Sweeney strikes this surreal, jaunty tone from the outset in a piece about a subject usually approached with grave reverence: death and the rituals of memorialization that surround it. She stops short of outright snark, which could have soured this piece into predictable critique. Instead, her style mimics that of the distinctly American approach to death she profiles in the piece: upbeat, plucky, at times reminiscent and verging on the somber, then veering quickly (albeit with a wry undertone) back to optimistic vigor. All of this creates a mesmerizing, queasy effect; the reader isn’t sure whether to laugh, to be disturbed, or to feel touched when the “reef ball” – a bell-shaped mixture of cement and human ashes – of a New Jersey firefighter refuses to sink into the Atlantic until his wife shouts “Budweiser!”
There are many such moments in the piece, which are jarring without being exaggeratedly so – part of what Sweeney seems to want to question here is why we find them jarring: what are our own American presumptions about death and the appropriate way to ritualize it? Early on, she writes in an aside:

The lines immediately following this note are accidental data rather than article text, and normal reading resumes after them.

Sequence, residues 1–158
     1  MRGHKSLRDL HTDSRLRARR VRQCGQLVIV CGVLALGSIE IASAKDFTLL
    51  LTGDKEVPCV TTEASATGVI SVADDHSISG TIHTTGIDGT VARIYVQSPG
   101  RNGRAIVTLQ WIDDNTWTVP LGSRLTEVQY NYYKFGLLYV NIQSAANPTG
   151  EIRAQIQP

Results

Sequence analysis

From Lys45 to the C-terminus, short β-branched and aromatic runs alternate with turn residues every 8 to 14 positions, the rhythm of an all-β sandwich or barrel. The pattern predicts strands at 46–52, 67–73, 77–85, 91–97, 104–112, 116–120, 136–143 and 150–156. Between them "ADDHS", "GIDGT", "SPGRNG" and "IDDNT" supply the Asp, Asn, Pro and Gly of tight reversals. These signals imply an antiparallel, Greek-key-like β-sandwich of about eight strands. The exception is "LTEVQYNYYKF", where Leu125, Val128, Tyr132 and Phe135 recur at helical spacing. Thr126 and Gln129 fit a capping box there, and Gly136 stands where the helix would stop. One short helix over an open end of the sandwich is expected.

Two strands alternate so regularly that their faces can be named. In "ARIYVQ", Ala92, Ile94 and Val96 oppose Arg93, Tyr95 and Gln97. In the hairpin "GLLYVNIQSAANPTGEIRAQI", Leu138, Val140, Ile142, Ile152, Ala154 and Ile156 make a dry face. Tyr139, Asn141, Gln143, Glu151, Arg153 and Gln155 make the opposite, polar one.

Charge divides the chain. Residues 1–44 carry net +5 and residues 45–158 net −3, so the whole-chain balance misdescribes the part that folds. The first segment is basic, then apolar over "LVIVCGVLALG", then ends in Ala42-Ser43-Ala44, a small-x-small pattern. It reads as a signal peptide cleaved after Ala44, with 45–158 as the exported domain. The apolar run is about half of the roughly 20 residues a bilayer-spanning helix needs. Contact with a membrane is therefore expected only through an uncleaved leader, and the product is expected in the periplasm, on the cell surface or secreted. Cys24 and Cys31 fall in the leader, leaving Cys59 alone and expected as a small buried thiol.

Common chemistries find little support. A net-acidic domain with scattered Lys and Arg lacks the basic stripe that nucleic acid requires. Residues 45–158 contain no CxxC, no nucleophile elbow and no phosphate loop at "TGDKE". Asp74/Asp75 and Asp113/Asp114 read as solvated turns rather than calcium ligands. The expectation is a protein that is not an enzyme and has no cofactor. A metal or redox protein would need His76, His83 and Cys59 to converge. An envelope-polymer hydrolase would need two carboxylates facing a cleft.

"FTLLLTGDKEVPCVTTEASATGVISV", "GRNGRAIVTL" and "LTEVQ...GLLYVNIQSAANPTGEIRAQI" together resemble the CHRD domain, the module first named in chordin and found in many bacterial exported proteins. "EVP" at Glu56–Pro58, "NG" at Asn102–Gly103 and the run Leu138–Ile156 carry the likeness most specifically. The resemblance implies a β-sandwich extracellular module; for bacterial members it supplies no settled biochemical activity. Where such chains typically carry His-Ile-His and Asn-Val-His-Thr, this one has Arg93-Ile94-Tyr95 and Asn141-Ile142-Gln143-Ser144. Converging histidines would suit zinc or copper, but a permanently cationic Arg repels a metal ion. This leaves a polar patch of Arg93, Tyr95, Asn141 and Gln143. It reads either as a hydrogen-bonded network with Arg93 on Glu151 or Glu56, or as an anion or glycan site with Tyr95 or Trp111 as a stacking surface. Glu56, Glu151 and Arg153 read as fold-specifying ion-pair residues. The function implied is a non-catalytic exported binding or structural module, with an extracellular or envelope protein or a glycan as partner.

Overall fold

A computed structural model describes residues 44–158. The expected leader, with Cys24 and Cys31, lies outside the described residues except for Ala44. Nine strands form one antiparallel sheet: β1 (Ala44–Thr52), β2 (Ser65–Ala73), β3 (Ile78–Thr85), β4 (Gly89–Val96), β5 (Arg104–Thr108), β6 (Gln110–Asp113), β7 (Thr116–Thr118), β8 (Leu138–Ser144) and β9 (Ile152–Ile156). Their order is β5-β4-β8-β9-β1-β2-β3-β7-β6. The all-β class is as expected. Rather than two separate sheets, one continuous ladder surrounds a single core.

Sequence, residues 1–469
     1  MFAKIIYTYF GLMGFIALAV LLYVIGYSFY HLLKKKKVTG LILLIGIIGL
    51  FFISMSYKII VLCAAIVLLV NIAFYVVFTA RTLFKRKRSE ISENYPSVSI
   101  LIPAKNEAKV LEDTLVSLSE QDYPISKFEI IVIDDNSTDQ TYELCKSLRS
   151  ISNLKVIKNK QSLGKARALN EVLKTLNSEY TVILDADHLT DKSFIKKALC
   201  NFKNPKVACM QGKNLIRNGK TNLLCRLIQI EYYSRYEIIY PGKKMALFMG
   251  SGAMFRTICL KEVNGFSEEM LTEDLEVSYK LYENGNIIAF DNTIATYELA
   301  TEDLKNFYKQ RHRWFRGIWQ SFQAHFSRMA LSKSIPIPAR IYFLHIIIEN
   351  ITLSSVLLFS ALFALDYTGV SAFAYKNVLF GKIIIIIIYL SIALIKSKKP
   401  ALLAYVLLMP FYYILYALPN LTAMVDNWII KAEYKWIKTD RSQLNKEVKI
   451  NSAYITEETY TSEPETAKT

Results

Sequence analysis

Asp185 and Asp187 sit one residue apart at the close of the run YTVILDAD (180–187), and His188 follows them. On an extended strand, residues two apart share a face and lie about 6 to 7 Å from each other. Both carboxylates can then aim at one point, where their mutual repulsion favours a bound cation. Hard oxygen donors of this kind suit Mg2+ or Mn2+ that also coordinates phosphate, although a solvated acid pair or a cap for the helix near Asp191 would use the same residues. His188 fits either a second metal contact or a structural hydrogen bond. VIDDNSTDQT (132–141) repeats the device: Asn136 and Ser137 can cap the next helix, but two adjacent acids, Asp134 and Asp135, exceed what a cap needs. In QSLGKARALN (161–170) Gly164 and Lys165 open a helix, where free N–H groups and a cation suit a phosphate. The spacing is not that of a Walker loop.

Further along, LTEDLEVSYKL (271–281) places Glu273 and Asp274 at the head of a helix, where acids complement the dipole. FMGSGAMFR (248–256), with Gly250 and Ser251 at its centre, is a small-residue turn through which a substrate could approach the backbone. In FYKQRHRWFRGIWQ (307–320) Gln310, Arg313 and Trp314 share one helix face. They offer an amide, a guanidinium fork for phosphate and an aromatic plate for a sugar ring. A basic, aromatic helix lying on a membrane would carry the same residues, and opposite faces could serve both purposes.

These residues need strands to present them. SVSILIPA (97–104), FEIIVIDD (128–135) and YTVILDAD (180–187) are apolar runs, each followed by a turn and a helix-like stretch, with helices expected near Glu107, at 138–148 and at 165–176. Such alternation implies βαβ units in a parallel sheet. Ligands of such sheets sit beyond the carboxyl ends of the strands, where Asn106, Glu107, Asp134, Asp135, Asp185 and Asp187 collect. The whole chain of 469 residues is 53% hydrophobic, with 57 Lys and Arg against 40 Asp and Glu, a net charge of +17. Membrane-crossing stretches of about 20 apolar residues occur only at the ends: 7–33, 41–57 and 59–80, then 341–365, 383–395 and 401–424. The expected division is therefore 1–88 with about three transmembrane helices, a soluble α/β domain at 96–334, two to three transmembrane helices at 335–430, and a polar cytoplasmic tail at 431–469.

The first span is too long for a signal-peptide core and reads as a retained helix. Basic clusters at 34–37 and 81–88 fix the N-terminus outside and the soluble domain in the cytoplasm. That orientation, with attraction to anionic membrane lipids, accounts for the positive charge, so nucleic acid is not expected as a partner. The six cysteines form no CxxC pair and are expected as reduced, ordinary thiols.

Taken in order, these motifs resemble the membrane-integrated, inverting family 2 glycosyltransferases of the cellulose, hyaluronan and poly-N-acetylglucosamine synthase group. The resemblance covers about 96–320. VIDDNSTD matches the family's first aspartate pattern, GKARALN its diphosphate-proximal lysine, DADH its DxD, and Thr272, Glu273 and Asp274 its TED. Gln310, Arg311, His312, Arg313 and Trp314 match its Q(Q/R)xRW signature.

Yesterday, the company held a military honors ceremony in a nearby lot owned by a shrimp company to pay respects to the veterans among the deceased. Just after “Taps” was played for the last time, Brawley reminded all present that they could purchase some of the best shrimp in South Carolina right there. It struck me as a strange moment, tonally, but no one else seemed to notice.
Is this juxtaposition problematic? Is it okay to talk shrimp immediately after honoring the permanent departure of a human being? Sweeney isn’t sure, but her interrogations – via her observations on a trip she takes out to sea to watch the reef balls being dropped, and her own reactions to what she witnesses – make for fascinating and unsettling reading. —Sarah